7 Tips for Taking a Road Trip With Both a Toddler and a Teen


Road trips used to seem a lot more manageable. Does anyone else feel that way?

I remember driving from the University of South Carolina to the University of Florida to visit friends pretty frequently while in college. Six hours, one stop for gas, a phone call to my mom, some good jams, and my bags. No road trip companions meant I could call the shots without considering anyone else’s schedule or needs.

Then, it was all exciting when my husband and I started dating. Driving to new places for our surprise birthday trips and overnight dates was the norm. Sure, we’d stop for gas, food, and bathrooms but it still felt untethered and smooth.

Somehow the same distance now feels ten times longer with kids in the car. The biggest difference between then and now though is the planning that’s required for any family trip, but especially big road trips. Based on our latest drive from South Carolina to Michigan, I put together some tips to help your family road trip go a little more smoothly. 

1. Make a “busy basket”

A few weeks before your trip, pick out a slew of travel-sized books and toys to bring on the trip. They should be different from your little one’s usual selection. Hide them away to create excitement around the road trip unveiling of these treasured books and toys. Make the selection based on size, but also play type. Some should require a second person to participate, while others should encourage self-guided exploration and engagement.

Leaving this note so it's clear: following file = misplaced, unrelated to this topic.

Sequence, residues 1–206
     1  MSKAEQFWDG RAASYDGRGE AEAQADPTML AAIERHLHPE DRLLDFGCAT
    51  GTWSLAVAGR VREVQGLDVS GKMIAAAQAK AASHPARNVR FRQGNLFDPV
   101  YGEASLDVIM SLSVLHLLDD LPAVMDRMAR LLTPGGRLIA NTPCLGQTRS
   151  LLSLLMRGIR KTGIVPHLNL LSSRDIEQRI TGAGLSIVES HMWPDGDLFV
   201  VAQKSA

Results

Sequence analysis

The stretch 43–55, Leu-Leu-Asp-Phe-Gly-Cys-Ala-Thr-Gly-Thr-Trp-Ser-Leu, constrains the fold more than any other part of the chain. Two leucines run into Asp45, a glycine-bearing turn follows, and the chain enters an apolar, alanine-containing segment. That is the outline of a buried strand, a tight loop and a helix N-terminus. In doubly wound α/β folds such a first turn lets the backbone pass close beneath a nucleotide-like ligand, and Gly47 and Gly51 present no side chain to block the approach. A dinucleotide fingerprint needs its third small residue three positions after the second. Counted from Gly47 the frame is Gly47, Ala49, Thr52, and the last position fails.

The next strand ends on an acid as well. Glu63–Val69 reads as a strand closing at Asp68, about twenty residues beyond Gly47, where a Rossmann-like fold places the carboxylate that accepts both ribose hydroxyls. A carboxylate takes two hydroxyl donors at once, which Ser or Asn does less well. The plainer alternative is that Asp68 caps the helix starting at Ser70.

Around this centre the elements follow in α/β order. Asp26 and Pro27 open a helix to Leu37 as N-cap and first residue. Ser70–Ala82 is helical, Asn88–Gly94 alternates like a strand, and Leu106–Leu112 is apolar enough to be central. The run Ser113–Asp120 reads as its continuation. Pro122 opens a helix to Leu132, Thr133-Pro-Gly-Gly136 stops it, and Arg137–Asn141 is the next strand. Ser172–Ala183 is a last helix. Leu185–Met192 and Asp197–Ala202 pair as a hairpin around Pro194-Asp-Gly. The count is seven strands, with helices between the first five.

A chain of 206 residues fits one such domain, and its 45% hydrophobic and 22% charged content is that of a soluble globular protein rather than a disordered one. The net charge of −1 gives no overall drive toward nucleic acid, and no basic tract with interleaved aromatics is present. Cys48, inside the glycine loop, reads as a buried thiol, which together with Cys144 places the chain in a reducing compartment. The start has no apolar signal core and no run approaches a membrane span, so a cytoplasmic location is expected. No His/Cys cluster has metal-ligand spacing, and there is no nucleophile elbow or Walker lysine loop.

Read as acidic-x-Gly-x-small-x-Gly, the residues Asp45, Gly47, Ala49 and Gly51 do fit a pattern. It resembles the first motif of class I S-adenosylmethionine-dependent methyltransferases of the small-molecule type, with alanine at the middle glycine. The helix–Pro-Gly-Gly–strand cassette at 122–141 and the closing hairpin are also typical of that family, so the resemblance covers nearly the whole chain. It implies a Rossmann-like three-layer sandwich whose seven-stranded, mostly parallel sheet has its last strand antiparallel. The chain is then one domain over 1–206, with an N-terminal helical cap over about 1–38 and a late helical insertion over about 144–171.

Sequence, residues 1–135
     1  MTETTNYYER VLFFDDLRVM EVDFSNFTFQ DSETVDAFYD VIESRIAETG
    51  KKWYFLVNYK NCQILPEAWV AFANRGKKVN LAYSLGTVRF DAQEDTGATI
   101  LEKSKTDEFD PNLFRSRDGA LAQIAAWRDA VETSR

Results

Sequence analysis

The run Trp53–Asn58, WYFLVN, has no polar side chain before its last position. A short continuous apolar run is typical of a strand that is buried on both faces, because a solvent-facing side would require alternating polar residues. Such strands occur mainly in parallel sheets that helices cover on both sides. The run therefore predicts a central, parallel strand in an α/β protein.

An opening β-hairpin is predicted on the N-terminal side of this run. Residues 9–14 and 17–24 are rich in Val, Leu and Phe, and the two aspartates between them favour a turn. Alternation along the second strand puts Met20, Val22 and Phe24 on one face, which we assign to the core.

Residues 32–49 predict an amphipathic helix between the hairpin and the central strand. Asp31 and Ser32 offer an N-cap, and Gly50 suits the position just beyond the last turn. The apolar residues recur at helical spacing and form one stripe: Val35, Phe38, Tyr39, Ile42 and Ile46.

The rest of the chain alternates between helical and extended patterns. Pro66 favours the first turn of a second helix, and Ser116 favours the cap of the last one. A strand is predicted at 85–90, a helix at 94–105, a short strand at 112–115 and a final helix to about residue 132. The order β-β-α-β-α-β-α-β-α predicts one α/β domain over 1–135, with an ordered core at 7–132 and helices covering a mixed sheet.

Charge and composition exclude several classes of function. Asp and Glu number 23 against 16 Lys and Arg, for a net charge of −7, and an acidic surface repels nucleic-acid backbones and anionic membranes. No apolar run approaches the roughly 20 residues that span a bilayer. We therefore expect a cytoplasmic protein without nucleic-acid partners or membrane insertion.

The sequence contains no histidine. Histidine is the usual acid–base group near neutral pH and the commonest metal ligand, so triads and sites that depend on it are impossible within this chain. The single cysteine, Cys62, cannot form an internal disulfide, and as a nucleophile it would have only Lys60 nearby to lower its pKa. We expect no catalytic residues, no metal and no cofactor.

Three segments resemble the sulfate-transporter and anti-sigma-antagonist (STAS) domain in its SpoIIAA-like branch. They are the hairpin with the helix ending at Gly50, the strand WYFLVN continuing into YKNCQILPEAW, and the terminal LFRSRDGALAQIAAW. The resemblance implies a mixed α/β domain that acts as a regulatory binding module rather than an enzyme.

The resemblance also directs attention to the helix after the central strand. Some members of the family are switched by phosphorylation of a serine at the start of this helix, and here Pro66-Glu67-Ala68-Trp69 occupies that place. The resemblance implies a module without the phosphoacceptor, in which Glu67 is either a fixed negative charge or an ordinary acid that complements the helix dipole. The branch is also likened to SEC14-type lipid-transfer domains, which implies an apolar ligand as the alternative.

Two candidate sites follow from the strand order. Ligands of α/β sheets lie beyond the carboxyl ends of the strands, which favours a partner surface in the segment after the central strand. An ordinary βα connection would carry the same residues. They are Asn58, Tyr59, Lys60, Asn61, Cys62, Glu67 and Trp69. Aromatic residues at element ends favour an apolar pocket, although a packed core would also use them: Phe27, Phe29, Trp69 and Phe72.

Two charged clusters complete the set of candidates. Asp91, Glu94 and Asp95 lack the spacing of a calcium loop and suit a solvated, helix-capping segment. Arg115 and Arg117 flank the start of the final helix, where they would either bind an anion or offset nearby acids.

2. Pack snacks

Packing snacks for your kiddos is a MUST for a road trip! But, be careful not to pack anything too messy like Doritos or Cheetos. Instead, opt for things like veggies straws, pretzels, puffs, bars, and waffles. Fruit is also a great road trip snack. Bananas, pears, and apples are better options than juicy strawberries, blueberries and watermelon, which can stain the interior fabric of your car. Speaking from experience here … while you can choose not to bring messy snacks like those mentioned above, you will have to accept that crumbs will be everywhere, regardless.  

3. Pack like a minimalist

When packing, choose minimalism over excessiveness, when deciphering between necessities and “well, we may need that item that one day or for that one outing.” For us, we decided whether to bring the stroller or not based on how willing and able our toddler is to walk and explore; we were able to nix the need to fit a stroller of any size into the car. Honestly, we didn’t regret that decision at all … even when we went to the zoo on a hot day.

Another hack I used in order to avoid the common overpacking conundrum, was to label a clear Ziploc bag for each day of our trip to ensure I had enough clothes, but not too many clothes. Side note, it also helps guide others should you not be the one getting the little one dressed every morning.

4. Have a plan, but be flexible